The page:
James: Regardless of what we might believe or not believe when it comes to religion/spirituality can we all agree that children shouldn't be dragged into protesting? Besides, what do children know about belief or non-belief? They usually believe what their parents believe because they were told to do that by their parents. It's not like they have much choice in the matter in a lot of family environments. It's one thing to take your kids to church with you but to drag them out to a street corner to protest Atheists and encourage intolerance? That goes too far. It's like the kids that are dragged to these anti-choice protests and have tape slapped across their mouths to symbolize a silent protest for the blastocyst that can't speak for itself. Kids shouldn't be involved in such an adult discussion and forced to see giant posters of aborted fetuses being paraded around by fellow protesters.
It's sadly ironic that our country was founded in large part by people seeking religious freedom to decide for themselves. However now you find all too many religious types who would impose their beliefs on everyone else. They claim this is a just and right thing to do because most of the early Americans were Christian. Well, that might be but those Christians had the foresight to include in the Constitution of our country a clause (Article 6) that provided for the freedom OF religion but also the freedom FROM religion. All too often the "believers" only quote the first part of that sentence--the freedom OF religion. That article is in the Constitution to protect both religion, non-religion and government. It's there so that all parties can operate within their specific spheres without too much influence and intrusion by any of the others. Furthermore, in Article 6 the Constitution demands:
The Senators and Representatives before mentioned, and the Members of the several State Legislatures, and all executive and judicial Officers, both of the United States and of the several States, shall be bound by Oath or Affirmation, to support this Constitution; but no religious Test shall ever be required as a Qualification to any Office or public Trust under the United States.James: Sadly there are many who do require this religious test for those running for public office. The chances of an Atheist, agnostic or non-theist from holding public office are basically zero. The same goes for Buddhists and Hindus. That's because people are holding them to a religious test and because people like that lady above think you can't be a good person without believing in a god. It's freedom of speech and the same goes for that lady. I think she's wrong, misguided and discriminatory but she does have the right to speak her mind. That said, this Atheist group has the right to have their advertisements put up by a private company if they want to do so. There are many though who wouldn't vote for an Atheist because of the values he/she would stand for but we all know that a lot of "believers" would oppose them simply for not being one of them. Imagine the fury, outrage and mass protests that would occur if a Christian candidate was treated the way many non-Judeo-Christians and non-believers are treated. It would be a bigger deal than the health care protests and rightly so. Christians shouldn't be discriminated against either.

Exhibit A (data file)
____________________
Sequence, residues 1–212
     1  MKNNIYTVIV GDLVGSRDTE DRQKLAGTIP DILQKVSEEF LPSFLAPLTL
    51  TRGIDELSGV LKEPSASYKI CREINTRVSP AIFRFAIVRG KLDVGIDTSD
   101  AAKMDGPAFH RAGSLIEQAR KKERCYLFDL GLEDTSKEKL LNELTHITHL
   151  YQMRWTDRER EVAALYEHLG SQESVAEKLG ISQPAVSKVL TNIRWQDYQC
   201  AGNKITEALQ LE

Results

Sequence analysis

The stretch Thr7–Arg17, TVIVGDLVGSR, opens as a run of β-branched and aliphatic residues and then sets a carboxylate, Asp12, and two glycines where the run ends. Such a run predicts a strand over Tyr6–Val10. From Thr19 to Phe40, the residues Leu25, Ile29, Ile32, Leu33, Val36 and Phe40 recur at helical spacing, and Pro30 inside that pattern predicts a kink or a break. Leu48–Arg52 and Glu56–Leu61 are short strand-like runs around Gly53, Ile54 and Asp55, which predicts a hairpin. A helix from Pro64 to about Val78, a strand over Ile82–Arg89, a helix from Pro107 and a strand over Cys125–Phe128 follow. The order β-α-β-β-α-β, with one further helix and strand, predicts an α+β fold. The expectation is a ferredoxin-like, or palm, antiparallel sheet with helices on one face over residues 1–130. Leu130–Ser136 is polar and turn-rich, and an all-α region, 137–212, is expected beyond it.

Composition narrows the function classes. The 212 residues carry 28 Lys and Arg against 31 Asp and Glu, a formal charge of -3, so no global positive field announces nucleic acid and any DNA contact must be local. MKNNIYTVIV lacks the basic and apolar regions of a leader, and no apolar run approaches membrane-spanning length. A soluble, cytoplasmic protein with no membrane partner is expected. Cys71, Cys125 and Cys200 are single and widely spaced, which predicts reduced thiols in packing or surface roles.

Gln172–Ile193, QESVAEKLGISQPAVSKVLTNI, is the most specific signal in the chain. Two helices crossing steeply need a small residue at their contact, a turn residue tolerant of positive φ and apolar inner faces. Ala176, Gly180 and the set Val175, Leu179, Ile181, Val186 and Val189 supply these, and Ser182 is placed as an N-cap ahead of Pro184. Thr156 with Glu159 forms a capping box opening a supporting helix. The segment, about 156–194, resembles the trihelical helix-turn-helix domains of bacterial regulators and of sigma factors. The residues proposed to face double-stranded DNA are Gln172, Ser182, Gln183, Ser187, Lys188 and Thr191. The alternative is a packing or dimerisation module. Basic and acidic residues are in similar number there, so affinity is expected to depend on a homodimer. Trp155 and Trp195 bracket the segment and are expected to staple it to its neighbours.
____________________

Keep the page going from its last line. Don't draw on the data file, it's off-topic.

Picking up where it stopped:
Being a historian by education I find it frustrating when people say that our country was meant to be a Christian country. Well, then why doesn't is say that in the Constitution? Why didn't the framers establish a theocracy? Because it doesn't work and because they believed in freedom for ALL people, not just some. They had the vision to see that America would have growing pains and thus provided for the protection of all beliefs and non-beliefs. The freedom of religion and the freedom from religion was so important to the framers that it was included in the very first amendment. Yes, the Declaration of Independence says that we are endowed with certain rights by a creator but is doesn't specify who or what this creator is. It's says "their" creator so that is up to personal interpretation. Not everyone sees "their" creator as a god but many see their creator as science or a more universal, non-physical "higher force." However, the bigger over-arching point is that the Declaration of Independence is not a legal document but rather a political document and thus holds no legal authority over the Constitution.
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